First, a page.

Governments have a responsibility to address the livelihood issue of their fishermen, without harming the interests of the fishermen in the neighbouring country
The Pathfinder Foundation (Colombo) and the Vivekananda International Foundation, (New Delhi) proposes to cover a broad spectrum of issues and ideas relating to expanded cooperation in joint sea exploration, development and preservation of the marine resources wealth of the region.
Accordingly, this joint–paper is focused long-term economic and strategic interests necessitate the three nations of India, Sri Lanka and Maldives get involved in intense cooperative engagement in the Indian Ocean Region in a variety of activities.
India and Sri Lanka are strategically located at a crossroads within the Indian Ocean; a body of water 68.5 million sq. km in extent and the third largest of the world’s oceans, after the Pacific and Atlantic Oceans.
Their unique location provides ample opportunities for the two South Asian neighbours to embark upon a cooperative approach in joint sea exploration. India has a vast costal line of more than 7517 km, with Sri Lanka adding its coastline of 1340 km.
The prospect becomes still more impressive, if the Maldives is included in the concept of joint exploration of their combined wealth of sea resources. However, it is not quite clear if Maldives is yet ready to fully join a broad based cooperative venture in a tri-lateral format for a variety of reasons, although as elaborated in the later part of this paper, it has been part of the ongoing negotiations and discussions on certain aspects of the agenda.
Notwithstanding this, it must be recognized that eventually the entire expanse of sea under our combined coastlines would assume tremendous significance, calling for closer cooperation among the states of the ‘Indo- Asia Pacific region’, which is set to become the future theatre of economic growth and the resultant power-play. Accordingly, this joint–paper by the Vivekananda International Foundation, (New Delhi) and the Pathfinder Foundation (Colombo), proposes to cover a broad spectrum of issues and ideas relating to expanded cooperation in joint sea exploration, development and preservation of the marine resources wealth of the region.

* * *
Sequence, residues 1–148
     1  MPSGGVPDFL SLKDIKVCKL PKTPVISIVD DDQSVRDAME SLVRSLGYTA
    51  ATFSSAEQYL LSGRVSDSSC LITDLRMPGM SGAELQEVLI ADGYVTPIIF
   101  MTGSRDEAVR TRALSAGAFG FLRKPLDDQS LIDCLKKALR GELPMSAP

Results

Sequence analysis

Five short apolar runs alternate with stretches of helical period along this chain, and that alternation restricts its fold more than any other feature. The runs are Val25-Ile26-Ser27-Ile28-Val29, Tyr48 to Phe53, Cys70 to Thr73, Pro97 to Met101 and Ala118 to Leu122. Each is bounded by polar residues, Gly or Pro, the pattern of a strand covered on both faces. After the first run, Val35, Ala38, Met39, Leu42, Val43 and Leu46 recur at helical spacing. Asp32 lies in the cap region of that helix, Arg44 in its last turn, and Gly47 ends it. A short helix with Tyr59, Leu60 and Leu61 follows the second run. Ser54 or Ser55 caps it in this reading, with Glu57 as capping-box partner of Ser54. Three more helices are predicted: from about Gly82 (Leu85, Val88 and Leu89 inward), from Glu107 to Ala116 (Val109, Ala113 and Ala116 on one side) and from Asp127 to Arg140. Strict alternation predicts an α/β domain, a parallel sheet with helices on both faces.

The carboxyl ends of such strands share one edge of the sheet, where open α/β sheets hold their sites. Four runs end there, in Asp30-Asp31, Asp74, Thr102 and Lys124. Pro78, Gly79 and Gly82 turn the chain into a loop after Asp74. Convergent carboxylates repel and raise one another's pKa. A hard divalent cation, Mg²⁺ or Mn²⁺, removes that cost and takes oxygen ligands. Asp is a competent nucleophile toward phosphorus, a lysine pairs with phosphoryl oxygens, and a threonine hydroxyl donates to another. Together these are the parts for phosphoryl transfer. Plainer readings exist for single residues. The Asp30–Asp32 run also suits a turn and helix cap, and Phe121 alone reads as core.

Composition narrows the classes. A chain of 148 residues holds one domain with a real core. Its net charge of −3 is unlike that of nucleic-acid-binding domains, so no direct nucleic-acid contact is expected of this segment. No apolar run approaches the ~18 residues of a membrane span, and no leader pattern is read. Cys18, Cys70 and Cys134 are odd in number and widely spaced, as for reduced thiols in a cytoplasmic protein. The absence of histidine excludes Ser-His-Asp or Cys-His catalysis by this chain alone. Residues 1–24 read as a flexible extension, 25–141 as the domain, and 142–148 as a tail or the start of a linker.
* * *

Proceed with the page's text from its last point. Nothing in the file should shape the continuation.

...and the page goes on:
While this has been a work in progress for some time, during his recent three day visit to Seychelles, Mauritius and Sri Lanka in March this year, Indian Prime Minister Narendra Modi added special significance to it by strongly advocating expanded cooperative efforts in developing ‘Blue Economy’; a multi-disciplinary and multi-faceted approach for exploration for hydrocarbons and other marine resources; deep-sea fishing, preservation of marine ecology and mitigating impact of climate change by addressing environmental issues. In his address to the Sri Lankan Parliament, PM Modi emphasized the point when he said, ‘21st century would be determined by the currents of the Indian Ocean. Shaping its direction is a responsibility for the countries in the region”. In this context, joint cooperation between the three countries could also include further strengthening of ongoing maritime security cooperation between India, Sri Lanka and Maldives with exchange of know-how in science and technology and disaster management.
Sri Lanka has the potential to claim an area 20 times as large as its landmass with all the oil, gas and mineral resources in the seabed, once its claim under the Law of the Sea is recognized. Sri Lanka has to draw up a plan to develop its policies and conclude arrangements for exploration and exploitation of these natural resources for the benefit of its population.
As detailed in the succeeding paragraphs, considerable amount of work in this direction has been done primarily on bilateral basis. However, trilateral consultations on these issues had commenced in 2011 at the level of National Security Advisors.